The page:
News 2008 picture of purple tomatoes at the John Innes Centre in Norwich

A shipment of genetically modified tomato juice designed to boost health benefits is on its way to the UK for testing.

Protesters in Washington call for the repeal of the 2010 healthcare law championed by President Barack Obama, ahead of today’s Supreme Court hearings

Supreme court to begin 'Obamacare' hearings

The US Supreme today embarks on three days of momentous hearings into President Obama’s health care reforms that could not only upend the 2012 election campaign but also redraw the limits of Congressional power and the division of authority between federal government and the states.

Ian Rickman says gardening 'helped me learn to live again' after a stroke left him paralysed at age 40

GPs devise new treatment to beat depression. It's called gardening

The ‘green gym’ provides exercise, therapeutic relaxation ... and it’s dirt cheap, says top medic

Irish inflation at 2.2 per cent as fuel costs rise

The cost of living rose by 2.2% in the year to January, official figures have revealed.

Although I was born Jewish, I have made a pledge: I am giving up meat for lent.

Simon Kelner: For 40 days and 40 nights, fish will be my new religion

I am not religious. I am not a militant secularist. I think Richard Dawkins talks a lot of sense, but then when I hear the Archbishop of York sermonise, I find it easy to get behind him, too. I even find myself in vigorous agreement with the speaker on "Thought for the Day", wishing that I could be similarly beatific. (Although when I fail to locate my glasses and I'm already late for work, and the dog still needs walking, I discover that I'm some distance from Godliness.)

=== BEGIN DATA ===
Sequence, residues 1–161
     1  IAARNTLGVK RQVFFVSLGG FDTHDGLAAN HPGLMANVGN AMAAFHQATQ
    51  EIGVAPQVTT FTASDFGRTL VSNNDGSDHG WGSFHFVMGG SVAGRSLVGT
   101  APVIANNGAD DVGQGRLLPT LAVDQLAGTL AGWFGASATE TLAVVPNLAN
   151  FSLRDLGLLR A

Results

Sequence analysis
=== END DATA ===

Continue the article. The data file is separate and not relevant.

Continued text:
Mary Dejevsky: An epitaph for the selfish charm of yesterday's bourgeoisie

If you have visited the cinema recently, you will be familiar with the scenario of Carnage, even if you have not actually seen the film; the promotional clips have been aired endlessly.

A famous workaholic, Margaret Thatcher said she could function on about four hours of sleep a night

The boss was right: being workaholic's good for you

They have been lambasted for their long working hours, for taking their laptops on holiday and obsessively checking their emails. But now there is good news for workaholics everywhere – their fixation with work is not necessarily a bad thing.

Leading article: At 100, the ANC has lost its way

Nelson Mandela was the African National Congress's first "volunteer in chief". The 27 years he spent incarcerated in prisons stand as an emblem to our human capacity for self-sacrifice in the pursuit of fairness and equality. Mandela's gift to the South African people was to allow the nation to become the "beacon of hope" that David Cameron described in his congratulatory message to the ANC on its 100th anniversary yesterday.

Tax investigators 'focus on footballer perks'

Premier League footballers and their clubs are being investigated by the taxman over "secret perks" enjoyed by players and their families, according to reports.

New conditions for agency workers comes into force

Agency workers across the UK were set to receive a pay and conditions boost today when new rights come into force.

Former TV-am presenter, Anne Diamond

Diary: How Anne Diamond drew a new boundary on privacy

Anne Diamond, scourge of the tabloids, was in fighting form on the Today programme yesterday as she spoke of "35 to 40 years of misbehaviour" by an industry that – unlike the broadcast media – knows no rules or self-restraint, and which thinks that anyone who enters public life has "sold their private life".

Short walk 'halves' chocolate habit

People prone to frequent, waistline-expanding snacking on chocolate while at work can halve the amount they scoff by getting out of the office and walking for just 15 minutes, according to new research.

It may be the end for promotional packaging

The government is to launch an official consultation on removing all promotional packaging from cigarettes by the end of the year.

Coulson to be questioned by MPs again – if police don't get him first

Andy Coulson faces the prospect of another public grilling by MPs in the next two months if the police do not charge him with illegal phone hacking.

Contraception: Busting the myths